Once referred to as the "Hobby of Kings," coin collecting today boasts a history spanning millennia, reaching back to the inception of coinage itself. Rarity and preservation are the crucial criteria for collectors when determining a coin's value. While rarity can be relatively easily determined, the more challenging assessment of preservation has evolved over an extended period, marked by significant milestones.

While Europe lacks a centralized organization establishing grading scales, the United States is home to two private enterprises, the Numismatic Guarantee Corporation (NGC) and the Professional Coin Grading Service (PCGS), which offer grading services, holding normative significance due to their importance.

In the early days of coin collecting, three more general terms were used to describe a coin's preservation: good, fine, and uncirculated. As the coin collecting market grew stronger in the late 19th and early 20th centuries, a more detailed standard for grading was needed. In 1948, the renowned numismatist Dr. William Sheldon introduced a grading standard based on a scale from 1 to 70—the "Sheldon Scale." Although the Sheldon Scale established a fundamental standard for nuanced grading, subjective opinions could still lead two individuals to vastly different assessments of a coin.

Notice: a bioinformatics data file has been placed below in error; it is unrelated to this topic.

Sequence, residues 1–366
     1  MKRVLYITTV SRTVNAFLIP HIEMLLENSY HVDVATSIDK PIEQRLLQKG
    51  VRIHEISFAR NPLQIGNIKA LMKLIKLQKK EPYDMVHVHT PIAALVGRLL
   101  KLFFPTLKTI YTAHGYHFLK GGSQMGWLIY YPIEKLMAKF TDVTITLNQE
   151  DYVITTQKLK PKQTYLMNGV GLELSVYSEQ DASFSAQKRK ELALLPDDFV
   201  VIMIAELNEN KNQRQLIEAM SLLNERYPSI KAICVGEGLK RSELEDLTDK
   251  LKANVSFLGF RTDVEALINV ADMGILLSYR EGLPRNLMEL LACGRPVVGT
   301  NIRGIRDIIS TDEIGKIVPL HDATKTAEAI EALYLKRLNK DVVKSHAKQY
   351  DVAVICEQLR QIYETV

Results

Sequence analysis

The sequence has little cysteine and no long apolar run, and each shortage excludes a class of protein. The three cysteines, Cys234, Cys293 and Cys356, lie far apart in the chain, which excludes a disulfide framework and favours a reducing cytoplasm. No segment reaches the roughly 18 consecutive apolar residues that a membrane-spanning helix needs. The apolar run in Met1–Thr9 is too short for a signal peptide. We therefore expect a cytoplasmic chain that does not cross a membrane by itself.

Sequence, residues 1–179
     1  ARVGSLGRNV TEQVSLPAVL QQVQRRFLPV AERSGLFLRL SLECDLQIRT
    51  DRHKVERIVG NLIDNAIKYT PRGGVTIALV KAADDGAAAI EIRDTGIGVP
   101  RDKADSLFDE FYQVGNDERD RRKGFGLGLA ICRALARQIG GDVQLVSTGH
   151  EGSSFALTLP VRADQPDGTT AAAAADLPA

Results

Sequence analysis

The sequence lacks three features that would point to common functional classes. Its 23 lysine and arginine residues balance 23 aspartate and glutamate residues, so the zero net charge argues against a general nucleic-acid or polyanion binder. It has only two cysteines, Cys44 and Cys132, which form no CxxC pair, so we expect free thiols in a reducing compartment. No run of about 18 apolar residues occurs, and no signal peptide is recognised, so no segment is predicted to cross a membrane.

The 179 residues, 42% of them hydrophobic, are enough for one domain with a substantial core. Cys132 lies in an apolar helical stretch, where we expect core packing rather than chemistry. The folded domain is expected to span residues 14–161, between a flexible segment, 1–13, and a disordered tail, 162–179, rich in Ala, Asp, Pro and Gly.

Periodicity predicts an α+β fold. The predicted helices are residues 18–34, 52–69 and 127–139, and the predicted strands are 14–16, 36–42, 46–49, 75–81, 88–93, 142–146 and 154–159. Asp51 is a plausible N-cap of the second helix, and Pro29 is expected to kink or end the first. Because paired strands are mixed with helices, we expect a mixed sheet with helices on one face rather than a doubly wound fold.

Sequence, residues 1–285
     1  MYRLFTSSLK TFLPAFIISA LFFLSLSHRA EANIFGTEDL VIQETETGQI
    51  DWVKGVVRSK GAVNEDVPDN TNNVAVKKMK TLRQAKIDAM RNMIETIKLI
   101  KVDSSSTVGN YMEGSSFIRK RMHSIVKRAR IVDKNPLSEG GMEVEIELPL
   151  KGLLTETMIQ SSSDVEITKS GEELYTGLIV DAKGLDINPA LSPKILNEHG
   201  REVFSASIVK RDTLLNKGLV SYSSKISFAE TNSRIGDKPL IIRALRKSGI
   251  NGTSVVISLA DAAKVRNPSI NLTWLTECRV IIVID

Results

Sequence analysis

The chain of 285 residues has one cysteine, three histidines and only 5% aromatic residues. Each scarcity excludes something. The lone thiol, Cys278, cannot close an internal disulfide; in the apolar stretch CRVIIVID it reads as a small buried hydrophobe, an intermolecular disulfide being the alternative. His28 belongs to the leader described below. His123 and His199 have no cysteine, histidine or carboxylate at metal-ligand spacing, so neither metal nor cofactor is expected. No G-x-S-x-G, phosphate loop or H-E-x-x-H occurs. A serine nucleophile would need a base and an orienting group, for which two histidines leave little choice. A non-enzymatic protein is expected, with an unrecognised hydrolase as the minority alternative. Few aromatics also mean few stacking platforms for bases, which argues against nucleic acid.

Since the mid-1980s (PCGS) and 1987 (NGC), coin grading has reached a new level of uniformity with the establishment of these two independent coin grading companies. Their independence guarantees the authenticity and grade of coins through their certification services. This assurance allows collectors to buy and sell even the most expensive coins with greater confidence. NGC and PCGS are now the world's largest coin grading companies, offering the most comprehensive guarantees on the market.

Grading Scale

Official Grading Scale